6 Business Development Strategies for African Start-up Founders
January 16, 2024
Adam Wakefield

By 2022, the number of start-ups in Nigeria was more than 3 000 — the highest in Africa. Kenya and South Africa followed with 1 000 and 660 start-ups, respectively. It’s clear that African Founders and start-ups want to make their mark on the international stage. 

But, like the rest of the world, start-up Founders in Africa face a number of local challenges. These include limited access to capital, market fragmentation, and the need for more technology adoption. Using innovative business development strategies, African start-up Founders can overcome these hurdles. 

This article will equip you with practical tips and real-world examples to navigate through complex African markets and convert your exciting ideas into successful, sustainable ventures. 

An African startup team during a discussion

What is business development? 

Business development refers to activities that can boost business growth. Growth can refer to any decision that enhances overall business performance such as improving lead generation, customer acquisition and retention, business expansion, etc. 

  1. Market entry strategies

A business’ market entry strategy is a comprehensive blueprint a company creates when entering a new market. This plan encompasses the company’s requisite actions to introduce its products or services into a new market. 

Types of market entry strategies 

There are a number of established and widely used market entry strategies you can adapt to the African market:

  • Mergers and Acquisitions: Acquiring or merging with local companies can enable start-ups to gain immediate access to established customer bases. In 2019, American Tower Corporation, a global telecommunications infrastructure company, acquired Eaton Towers, a leading independent telecom tower company with a significant presence in Africa, including South Africa. 
  • Licensing: Transferring the right to use or sell a product to another company in a target market is a good option to enter the African market without significant capital investment. In 2016, a Nigerian beverage company, Chi Limited, entered into a licensing agreement with The Coca-Cola Company to manufacture, market, and distribute some of Coca-Cola's products in Nigeria, ending with its full acquisition in 2019. 
  • Joint Ventures: Partnering with other companies to enter a foreign market can help start-ups to share resources and risks. Ethiopian Airlines, one of Africa's major carriers, formed a joint venture with the Malawian government to establish Malawian Airlines. By 2018, the airline doubled in size and won the award of the best airline in Africa for five years from 2018 to 2022.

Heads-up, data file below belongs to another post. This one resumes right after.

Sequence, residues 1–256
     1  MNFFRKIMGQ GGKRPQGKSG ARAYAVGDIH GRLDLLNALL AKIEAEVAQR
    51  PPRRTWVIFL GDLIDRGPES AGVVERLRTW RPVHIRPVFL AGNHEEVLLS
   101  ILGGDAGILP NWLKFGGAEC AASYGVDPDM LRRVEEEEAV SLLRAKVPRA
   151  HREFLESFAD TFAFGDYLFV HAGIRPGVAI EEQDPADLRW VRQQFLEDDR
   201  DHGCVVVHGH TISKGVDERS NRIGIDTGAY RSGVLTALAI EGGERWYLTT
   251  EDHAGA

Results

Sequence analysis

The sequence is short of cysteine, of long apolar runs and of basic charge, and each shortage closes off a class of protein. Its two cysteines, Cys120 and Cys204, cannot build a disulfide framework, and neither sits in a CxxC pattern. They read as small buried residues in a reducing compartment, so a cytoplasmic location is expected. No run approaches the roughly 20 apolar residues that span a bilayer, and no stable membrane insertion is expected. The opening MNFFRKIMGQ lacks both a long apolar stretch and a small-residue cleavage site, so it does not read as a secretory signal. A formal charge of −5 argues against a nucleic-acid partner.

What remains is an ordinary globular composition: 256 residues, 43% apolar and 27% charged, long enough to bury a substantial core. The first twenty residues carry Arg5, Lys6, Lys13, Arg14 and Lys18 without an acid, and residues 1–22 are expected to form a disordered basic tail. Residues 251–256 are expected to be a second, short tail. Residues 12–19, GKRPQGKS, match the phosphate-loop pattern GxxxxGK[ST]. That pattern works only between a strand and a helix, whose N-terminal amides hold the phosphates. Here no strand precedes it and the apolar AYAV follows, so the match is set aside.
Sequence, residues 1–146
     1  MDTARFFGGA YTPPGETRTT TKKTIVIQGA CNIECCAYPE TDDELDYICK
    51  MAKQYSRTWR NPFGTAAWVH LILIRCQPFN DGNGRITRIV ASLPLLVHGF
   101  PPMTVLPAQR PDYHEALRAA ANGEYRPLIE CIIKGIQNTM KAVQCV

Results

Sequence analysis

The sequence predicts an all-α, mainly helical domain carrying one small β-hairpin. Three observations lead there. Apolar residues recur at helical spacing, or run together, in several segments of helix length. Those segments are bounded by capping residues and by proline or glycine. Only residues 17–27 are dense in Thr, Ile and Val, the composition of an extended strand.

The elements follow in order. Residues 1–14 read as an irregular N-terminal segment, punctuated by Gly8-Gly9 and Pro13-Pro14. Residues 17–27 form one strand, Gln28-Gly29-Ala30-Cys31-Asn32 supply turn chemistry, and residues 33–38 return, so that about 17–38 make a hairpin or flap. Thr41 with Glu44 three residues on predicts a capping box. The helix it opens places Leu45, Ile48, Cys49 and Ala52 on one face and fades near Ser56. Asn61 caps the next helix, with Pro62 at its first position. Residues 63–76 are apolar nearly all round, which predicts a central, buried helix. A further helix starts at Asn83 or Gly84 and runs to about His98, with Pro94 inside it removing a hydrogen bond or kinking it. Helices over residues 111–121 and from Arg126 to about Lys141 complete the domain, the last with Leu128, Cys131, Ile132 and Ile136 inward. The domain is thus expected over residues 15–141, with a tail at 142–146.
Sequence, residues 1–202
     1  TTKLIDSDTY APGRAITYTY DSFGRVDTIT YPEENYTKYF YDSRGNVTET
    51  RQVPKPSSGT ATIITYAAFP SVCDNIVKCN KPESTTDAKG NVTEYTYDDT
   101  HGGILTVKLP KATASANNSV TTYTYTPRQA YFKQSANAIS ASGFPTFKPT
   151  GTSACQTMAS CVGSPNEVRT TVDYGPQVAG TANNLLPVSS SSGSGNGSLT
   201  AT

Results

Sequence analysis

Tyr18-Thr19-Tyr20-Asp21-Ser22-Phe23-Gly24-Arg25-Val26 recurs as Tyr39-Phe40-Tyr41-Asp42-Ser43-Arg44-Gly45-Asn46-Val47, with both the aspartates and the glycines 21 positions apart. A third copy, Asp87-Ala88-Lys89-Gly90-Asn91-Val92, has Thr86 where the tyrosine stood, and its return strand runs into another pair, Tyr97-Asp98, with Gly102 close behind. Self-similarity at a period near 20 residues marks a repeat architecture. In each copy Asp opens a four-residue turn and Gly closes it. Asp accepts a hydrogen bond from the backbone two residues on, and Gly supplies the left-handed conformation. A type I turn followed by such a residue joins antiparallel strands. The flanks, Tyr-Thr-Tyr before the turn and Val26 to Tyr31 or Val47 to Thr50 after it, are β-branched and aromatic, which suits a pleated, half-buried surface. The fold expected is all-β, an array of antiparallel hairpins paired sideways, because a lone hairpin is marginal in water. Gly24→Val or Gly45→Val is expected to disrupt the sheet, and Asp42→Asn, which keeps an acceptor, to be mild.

• Company Ownership: Acquiring an existing start-up in the target market can quickly establish credibility as a local business and increase sales. In 2018, Zinox Group acquired Konga. Over the next few years, Konga grew by 800% and was recently ranked as one of the most innovative e-commerce companies in Africa.
  • Pilot Projects: Start-ups can perform pilot projects in different African countries before a full-scale expansion. This can help to determine market response. Before expanding its operations across Nigeria, the ride-hailing company, Bolt, conducted pilot projects in major Nigerian cities like Lagos and Abuja. 

Once you come up with a market entry strategy that aligns with your goals, you can enter a relevant market area. 

Potential areas to enter the African market

Regardless of the strategies you choose, if you are looking to enter the African market, the following market areas are particularly promising: 

  1. E-commerce: Africa's growing digital landscape offers significant potential for e-commerce start-ups. Online e-commerce users are expected to grow from 178 million in 2018 to 519 million in 2025. However, entering the market requires a thoughtful approach, considering the continent's diverse cultures, languages, and consumer preferences. Therefore, you can partner with a local e-commerce platform, similar to how Zinox Group did with Konga. 

For example, a multinational retailer could collaborate with existing e-commerce start-ups like Jumia, which operates in several African countries, to expand its market presence.

  1. Mobile-based solutions. Africa is experiencing a mobile revolution, with 73% of users accessing the Web through their smartphones. Developing mobile-first solutions can be a powerful strategy for start-ups in both South Africa and Nigeria. For instance, AfriPay is a fintech start-up that allows users in African countries to complete online payments via their smartphones. 

2. Customer acquisition strategies